12 The Feedback Issue Students participating in online activities look for feedback to know: Students participating in online activities look for feedback to know: A. the instructor is reading their contributions A. the instructor is reading their contributions B. their participation is valued B. their participation is valued C. their participation is adequate, in terms of quality and quantity C. their participation is adequate, in terms of quality and quantity Feedback need not be individualized to be effective Feedback need not be individualized to be effective Whole class commentary provided on a regular basis was found to be just as satisfactory from the student point of view (Dennen, 2001) Whole class commentary provided on a regular basis was found to be just as satisfactory from the student point of view (Dennen, 2001)

13 The Assessment Issue Often, online activities go unassessed Often, online activities go unassessed Add-on syndrome: Adding an online activity to a previously designed class because it sounds like a good idea Add-on syndrome: Adding an online activity to a previously designed class because it sounds like a good idea

14 The Assessment Issue Students are more likely to participate when then know there is impact on their grade Students are more likely to participate when then know there is impact on their grade Direct impact: graded on participation (quality, quantity or both) Direct impact: graded on participation (quality, quantity or both) Indirect impact: participation should bolster performance on other assessments Indirect impact: participation should bolster performance on other assessments Students quickly become aware if an online activity is not related to assessed learning objectives Students quickly become aware if an online activity is not related to assessed learning objectives

15 The Assessment Issue, Cont. Sometimes the wrong things are assessed Sometimes the wrong things are assessed Examples: Examples: Assessing students online moderation skills when the course topic/learning objectives have nothing to do with online moderation Assessing students online moderation skills when the course topic/learning objectives have nothing to do with online moderation Assessing quantity of participation, but not quality Assessing quantity of participation, but not quality which, granted, is easier, but encourages sloppy message posting rather than thoughtful learning dialogueswhich, granted, is easier, but encourages sloppy message posting rather than thoughtful learning dialogues

16 Blooms Revised Taxonomy A useful tool for checking alignment A useful tool for checking alignment Also great to guide your course design! Also great to guide your course design!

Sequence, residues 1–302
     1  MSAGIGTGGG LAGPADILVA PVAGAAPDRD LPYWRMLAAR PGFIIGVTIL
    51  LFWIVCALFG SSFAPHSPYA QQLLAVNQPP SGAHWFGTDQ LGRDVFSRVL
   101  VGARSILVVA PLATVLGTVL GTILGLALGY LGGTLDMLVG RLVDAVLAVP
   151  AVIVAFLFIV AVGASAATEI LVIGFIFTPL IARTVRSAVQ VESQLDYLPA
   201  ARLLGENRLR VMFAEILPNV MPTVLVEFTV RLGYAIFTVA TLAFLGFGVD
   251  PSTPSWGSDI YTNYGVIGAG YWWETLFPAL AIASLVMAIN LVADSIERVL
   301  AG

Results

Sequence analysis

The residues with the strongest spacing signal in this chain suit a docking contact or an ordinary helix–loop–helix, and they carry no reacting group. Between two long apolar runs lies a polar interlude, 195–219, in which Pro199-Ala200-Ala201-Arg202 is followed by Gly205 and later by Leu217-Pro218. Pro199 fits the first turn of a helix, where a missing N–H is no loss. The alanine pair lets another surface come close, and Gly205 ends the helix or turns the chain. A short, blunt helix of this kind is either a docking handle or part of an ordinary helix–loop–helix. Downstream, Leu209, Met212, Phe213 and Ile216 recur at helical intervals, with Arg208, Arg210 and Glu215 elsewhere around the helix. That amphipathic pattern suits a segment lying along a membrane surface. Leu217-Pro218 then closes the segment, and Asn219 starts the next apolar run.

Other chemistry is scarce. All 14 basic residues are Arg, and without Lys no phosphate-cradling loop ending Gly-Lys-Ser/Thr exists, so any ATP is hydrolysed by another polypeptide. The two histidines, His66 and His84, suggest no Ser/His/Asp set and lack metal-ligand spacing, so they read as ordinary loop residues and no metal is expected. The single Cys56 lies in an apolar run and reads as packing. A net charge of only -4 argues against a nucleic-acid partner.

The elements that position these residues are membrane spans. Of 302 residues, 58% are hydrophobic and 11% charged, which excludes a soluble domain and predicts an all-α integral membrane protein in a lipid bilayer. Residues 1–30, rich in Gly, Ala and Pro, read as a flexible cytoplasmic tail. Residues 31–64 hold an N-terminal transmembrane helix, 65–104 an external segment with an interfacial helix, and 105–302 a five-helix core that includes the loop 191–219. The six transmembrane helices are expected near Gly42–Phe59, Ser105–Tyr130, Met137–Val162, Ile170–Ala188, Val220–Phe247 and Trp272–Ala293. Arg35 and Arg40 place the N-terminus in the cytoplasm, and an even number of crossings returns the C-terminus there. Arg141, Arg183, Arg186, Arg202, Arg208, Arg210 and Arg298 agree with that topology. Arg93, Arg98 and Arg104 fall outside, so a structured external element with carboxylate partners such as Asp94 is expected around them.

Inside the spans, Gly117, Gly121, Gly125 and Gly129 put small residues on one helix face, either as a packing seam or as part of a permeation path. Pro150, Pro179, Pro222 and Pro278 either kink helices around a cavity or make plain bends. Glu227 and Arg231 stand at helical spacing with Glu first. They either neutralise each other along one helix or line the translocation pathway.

17 To Find Out More… A Taxonomy For Learning Teaching and Assessing By Anderson And Krathwohl

18 Assessment Techniques Options… Formative or Summative Formative or Summative Student-led (Self or Peer) or Teacher-led Student-led (Self or Peer) or Teacher-led Public or Private Public or Private Process or Product Process or Product Other issues to consider… Objective or Interpretive Objective or Interpretive Rubric-based or Wholistic Rubric-based or Wholistic

19 Formative vs. Summative Assessments Formative Alleviate student anxieties re: expectations Alleviate student anxieties re: expectations Seem especially high in online classes Seem especially high in online classes Encourage working toward mastery Encourage working toward mastery Can be informal Can be informalSummative Used for students grade Used for students grade Assumed to be best effort Assumed to be best effort

20 Example: Online Formative Assessment Paper draft discussion forum Paper draft discussion forum Start a discussion forum for papers-in- progress Start a discussion forum for papers-in- progress Have each student start a thread and post elements of their papers as they complete them (e.g., topic, major claims, research sources) Have each student start a thread and post elements of their papers as they complete them (e.g., topic, major claims, research sources) A schedule for each element is usefulA schedule for each element is useful Monitor and provide feedback Monitor and provide feedback

21 Student vs. Teacher Led Teacher-led Traditional assessment Traditional assessment Most often summative Most often summativeStudent-led Students may assess self or peers Students may assess self or peers May be formative or summative May be formative or summative Can greatly relieve instructor burden Can greatly relieve instructor burden Students reinforce concepts through feedback process Students reinforce concepts through feedback process

22 Examples: Online Self- Assessment Self-tests: Use test tool to create self-tests (multiple choice, true false) Self-tests: Use test tool to create self-tests (multiple choice, true false) May wish to track student efforts May wish to track student efforts Can incentivize use (essentially, use as a learning tool) Can incentivize use (essentially, use as a learning tool) Reflection papers: Have students submit brief, focused papers expressing the strengths and assessments of their assignment(s) Reflection papers: Have students submit brief, focused papers expressing the strengths and assessments of their assignment(s)